Maine is one step closer to new regulations that allow for the use of Adult Recreational Marijuana.
A particular legislative committee is nearing the completion of a new law that will enable the regulation of adult use of recreational marijuana.
The proposed bill is a ray of hope for many lawmakers that are in support of the Adult use of Recreational Marijuana to become lawful. However this new bill needs to garner enough support overall in order for recreational marijuana to become legal. There is concern amongst some seats that it will sway too heavily in the direction of Governor Paul LePage, who is opposition to legalising recreational marijuana.
There is a particular committee in place for the legalisation of recreational marijuana, they are called the Marijuana Implementation Committee. This very committee has undertaken various votes that will make changes to the current law that was implemented in 2016.
Those in the seats for pro recreational marijuana are concerned that these changes will make significant damage to the progress the 2016 law has made thus far.
The reason for their concern is that a number of producing business will under imminent threat due to these changes, all types of businesses including weed dispensaries in Santa Maria and all across the state, weed delivery services in Santa Maria and Maine as well as a number of production and cultivation facilities.
The introduced adaptations to the law will see that Maine growers will only be allowed at least 50% of flowering marijuana plants. For example, current law states that an adult who is growing marijuana in Maine is allowed to grow a maximum of six flowering marijuana plants. With the new adapted bill, lawmakers could set the limit to flowering marijuana plants at a maximum of three.
In addition to the reduction on amount of flowering plants for personal recreational use, the new bill proposes to eliminate all marijuana social clubs and lounges. However the new adapted bill will promote the towns and cities to make positive headway to allow the business and industry side of marijuana to grow. This means making positive, affirmative changes which allow corporations and industries to flower while the small business owner and grower suffers under the flowering corporation’s retail business.
In a further move obscuring the equality, a movement that allows tax revenue from the cannabis retail industry that would’ve been dived equally amongst cities and towns to grow has been stunted.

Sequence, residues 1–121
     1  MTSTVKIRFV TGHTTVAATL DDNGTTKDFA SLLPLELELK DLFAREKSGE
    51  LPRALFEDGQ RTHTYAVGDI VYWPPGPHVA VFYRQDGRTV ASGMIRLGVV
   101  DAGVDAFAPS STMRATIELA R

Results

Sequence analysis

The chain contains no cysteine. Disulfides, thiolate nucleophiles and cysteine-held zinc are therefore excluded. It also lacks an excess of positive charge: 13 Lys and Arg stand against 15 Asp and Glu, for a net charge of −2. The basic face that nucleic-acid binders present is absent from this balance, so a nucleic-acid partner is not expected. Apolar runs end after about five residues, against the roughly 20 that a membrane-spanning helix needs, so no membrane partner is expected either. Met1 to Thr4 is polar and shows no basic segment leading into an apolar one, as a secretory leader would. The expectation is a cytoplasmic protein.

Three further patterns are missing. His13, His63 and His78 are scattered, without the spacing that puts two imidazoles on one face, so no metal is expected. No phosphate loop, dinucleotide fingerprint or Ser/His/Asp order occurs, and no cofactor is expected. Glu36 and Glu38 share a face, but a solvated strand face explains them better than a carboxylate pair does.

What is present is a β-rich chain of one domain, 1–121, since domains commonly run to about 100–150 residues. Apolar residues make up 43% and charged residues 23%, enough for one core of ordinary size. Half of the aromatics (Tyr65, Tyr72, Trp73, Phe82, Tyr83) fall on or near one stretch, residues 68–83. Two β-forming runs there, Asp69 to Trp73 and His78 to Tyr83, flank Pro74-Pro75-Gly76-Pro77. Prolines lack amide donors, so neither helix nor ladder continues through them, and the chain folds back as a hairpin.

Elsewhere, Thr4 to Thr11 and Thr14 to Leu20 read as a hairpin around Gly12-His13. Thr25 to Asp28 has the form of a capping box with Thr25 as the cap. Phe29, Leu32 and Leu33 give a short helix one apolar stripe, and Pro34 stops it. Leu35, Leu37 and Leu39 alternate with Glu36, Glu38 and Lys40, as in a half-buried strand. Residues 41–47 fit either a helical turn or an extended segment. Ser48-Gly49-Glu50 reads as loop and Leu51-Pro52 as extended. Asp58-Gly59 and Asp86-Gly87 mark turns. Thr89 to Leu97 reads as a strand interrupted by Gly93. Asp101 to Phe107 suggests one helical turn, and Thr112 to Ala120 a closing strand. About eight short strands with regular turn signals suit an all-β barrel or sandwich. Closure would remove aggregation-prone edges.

This sharing of taxes was supported because it was seen as a way for municipalities to cover costs that could be incurred during the governing of the new regulated marijuana industry. The Marijuana Implementation Committee supported this dividing of tax revenue to support the emerging cannabis businesses in the newly emerging marijuana market. This extended to the weed delivery services, cannabis dispensaries and even online marijuana dispensaries.
This tax dividing was met with opposition from the governor amongst others. The opposers stated that their concern was that it would make something (marijuana) that was still illegal under federal government too readily available.
The tax framework is set to be shuffled as well. There was a suggestion from some Republican members that the tax oversight be brought under the jurisdiction of the very same agency that takes care of state finances and tax collection instead of the current Department of Health and Human Services.
Republican Senator, Roger Katz, said that there was a need to merge fully under the financial department as it was senseless to have it managed under two separate programs. He went on to say that the licensing, regulation and policing should all be under one umbrella. However, the oppositional provision says that the financial minded agency does not have the correct insight or oversight to take into consideration the health expertise. Issues like patient confidentiality, and substance use as a medicine all will not be able to be seen accordingly by the finance agencies.
The committee is planned to cast votes on the new bill and framework on Friday.